The older we get, the harder it is to lose extra weight, so it makes more sense to consciously keep it off.  I remember hearing an interview with Jimmy Carter when he was in his 70’s. Asked how he kept so fit, he talked about riding a bicycle and said that he weighed himself daily.  If he was a little heavier that day, he ate a little less.  

Whatever works, halting weight gain in the SecondThird will have benefits in the ThirdThird.

Save Some Money

Decide to put some money aside and let it become a habit.  As you stick with it, watching it grow is pretty encouraging.

However, you can find a way to put some money away for your longer life.  Direct deposits from your paycheck is a pain-free way to save since you don’t really see those dollars.  Taking advantage of matching savings plans if you are so fortunate to have an employer who offers it will pay off in the long run.

If you are planning to live longer, you will need more money, so save some while you are making it.

Eat At Home More

Cooking seems to be a dying skill, but it can be a lot of fun and is satisfying to produce a tasty meal in your own home.  And if you are eating at home more, you can control those things that are not beneficial and that you probably want to avoid. Less fried food, less sugar, fewer empty calories.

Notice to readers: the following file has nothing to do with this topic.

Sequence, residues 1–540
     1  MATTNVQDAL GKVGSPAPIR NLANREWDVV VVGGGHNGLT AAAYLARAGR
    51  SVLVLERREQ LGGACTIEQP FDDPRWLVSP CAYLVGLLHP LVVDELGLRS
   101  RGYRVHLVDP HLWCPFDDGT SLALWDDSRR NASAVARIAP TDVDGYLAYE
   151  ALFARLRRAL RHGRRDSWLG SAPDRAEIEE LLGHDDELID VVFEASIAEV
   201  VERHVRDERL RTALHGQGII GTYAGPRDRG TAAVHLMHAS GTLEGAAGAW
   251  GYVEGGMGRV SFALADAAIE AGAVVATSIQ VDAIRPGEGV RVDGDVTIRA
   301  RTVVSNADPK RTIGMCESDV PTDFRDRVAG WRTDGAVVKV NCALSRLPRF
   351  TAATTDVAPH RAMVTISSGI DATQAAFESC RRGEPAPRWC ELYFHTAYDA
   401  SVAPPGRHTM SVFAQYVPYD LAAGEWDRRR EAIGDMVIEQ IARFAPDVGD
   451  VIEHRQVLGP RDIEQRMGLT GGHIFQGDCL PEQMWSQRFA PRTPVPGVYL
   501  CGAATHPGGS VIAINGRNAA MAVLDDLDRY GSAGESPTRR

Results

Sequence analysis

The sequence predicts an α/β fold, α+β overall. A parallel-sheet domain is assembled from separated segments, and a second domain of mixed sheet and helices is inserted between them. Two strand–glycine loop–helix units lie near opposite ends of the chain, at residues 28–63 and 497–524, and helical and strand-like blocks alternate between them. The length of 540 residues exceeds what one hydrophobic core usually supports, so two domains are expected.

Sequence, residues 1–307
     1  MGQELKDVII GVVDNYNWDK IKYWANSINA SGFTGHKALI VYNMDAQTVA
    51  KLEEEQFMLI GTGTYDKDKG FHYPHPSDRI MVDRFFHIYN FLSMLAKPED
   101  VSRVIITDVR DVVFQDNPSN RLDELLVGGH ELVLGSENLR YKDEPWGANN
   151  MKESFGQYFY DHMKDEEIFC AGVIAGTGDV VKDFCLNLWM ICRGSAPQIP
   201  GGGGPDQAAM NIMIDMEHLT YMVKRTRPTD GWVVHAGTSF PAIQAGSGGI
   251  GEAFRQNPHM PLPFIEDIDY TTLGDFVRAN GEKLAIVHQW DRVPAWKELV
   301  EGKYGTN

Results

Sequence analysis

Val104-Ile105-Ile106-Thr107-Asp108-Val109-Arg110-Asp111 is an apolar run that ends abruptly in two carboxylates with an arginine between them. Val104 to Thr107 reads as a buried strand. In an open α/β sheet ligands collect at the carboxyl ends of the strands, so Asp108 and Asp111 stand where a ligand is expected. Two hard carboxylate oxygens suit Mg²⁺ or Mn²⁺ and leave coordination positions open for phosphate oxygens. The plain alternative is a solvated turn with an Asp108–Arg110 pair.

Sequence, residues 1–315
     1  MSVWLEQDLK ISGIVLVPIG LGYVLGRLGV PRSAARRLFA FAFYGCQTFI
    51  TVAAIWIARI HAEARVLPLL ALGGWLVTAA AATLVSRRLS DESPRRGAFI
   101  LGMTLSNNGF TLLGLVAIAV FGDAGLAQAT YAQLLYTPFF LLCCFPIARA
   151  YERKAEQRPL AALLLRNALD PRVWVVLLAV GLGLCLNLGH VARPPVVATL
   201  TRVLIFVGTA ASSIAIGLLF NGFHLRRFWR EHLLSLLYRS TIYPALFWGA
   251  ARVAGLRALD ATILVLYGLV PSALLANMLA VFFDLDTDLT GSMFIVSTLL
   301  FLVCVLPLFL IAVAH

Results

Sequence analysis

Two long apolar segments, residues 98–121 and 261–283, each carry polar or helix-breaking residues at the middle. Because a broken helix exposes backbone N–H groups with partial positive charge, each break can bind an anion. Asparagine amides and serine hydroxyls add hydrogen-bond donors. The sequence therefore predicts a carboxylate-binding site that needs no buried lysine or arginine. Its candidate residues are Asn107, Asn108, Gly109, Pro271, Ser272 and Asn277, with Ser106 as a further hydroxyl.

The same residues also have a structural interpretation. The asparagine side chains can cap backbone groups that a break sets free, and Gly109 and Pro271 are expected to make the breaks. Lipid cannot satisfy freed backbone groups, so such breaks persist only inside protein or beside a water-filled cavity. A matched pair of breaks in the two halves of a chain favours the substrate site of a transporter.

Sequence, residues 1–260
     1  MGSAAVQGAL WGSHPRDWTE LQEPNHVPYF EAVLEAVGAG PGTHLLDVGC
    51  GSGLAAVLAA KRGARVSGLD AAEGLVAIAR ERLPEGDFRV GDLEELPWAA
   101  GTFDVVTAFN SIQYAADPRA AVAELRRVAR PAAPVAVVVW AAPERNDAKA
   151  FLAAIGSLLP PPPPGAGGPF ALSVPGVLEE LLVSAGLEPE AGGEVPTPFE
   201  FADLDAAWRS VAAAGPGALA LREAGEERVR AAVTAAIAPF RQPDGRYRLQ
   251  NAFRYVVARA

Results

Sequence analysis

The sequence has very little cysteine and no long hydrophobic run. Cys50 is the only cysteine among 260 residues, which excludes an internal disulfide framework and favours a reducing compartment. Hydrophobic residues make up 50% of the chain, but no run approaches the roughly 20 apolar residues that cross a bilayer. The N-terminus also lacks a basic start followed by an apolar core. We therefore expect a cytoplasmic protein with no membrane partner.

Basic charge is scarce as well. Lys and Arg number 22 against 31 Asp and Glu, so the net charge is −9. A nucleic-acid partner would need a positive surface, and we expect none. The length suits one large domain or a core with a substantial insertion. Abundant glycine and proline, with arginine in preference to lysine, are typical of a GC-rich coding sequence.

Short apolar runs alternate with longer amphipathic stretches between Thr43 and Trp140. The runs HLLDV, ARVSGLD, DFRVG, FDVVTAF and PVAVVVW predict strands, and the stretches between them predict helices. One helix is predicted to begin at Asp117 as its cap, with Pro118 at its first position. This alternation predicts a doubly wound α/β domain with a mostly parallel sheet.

How to get started cooking at home? A subscription to a magazine with recipes gives new ideas and inspiration. Taking a risk on a CSA (Community Supported Agriculture) and having weekly ingredients delivered to you opens new doors.  Joining or creating a “supper club” with friends provides motivation and accountability.

Eating at home more can help you with those first 2 suggestions, too, saving money and keeping the weight off.

Move Every Day

If you are going to live into your 80’s and/or 90’s, you will be glad if you have kept moving in your 40’s and 50’s.  Make it a habit to walk the stairs or to walk around the park at lunch or to walk around the block in the evening.

And after making moving every day a habit, find a way that you will occasionally stretch yourself a bit. Classes at a gym? Kayaking on the town lake? Walking or running in 5K’s? Yoga videos? Tennis or swimming or softball?

It can seem like there isn’t time for exercise, but as it is often said, “Use it or lose it.”  If you move every day, you will help ensure that you will be able to move along well into your 80’s and 90’s.

Clear Up Relationships

Clearing up doesn’t always mean being able to reconcile or to come to an agreement. It might just mean being realistic about the relationships you have had and investing in the ones that are helpful to you.

By the time you are in your 50’s, you have known a lot of people.  Some you have enjoyed, some you haven’t.  Some have enjoyed you.  Some haven’t.  It’s okay.  Life has seasons and seasons bring change.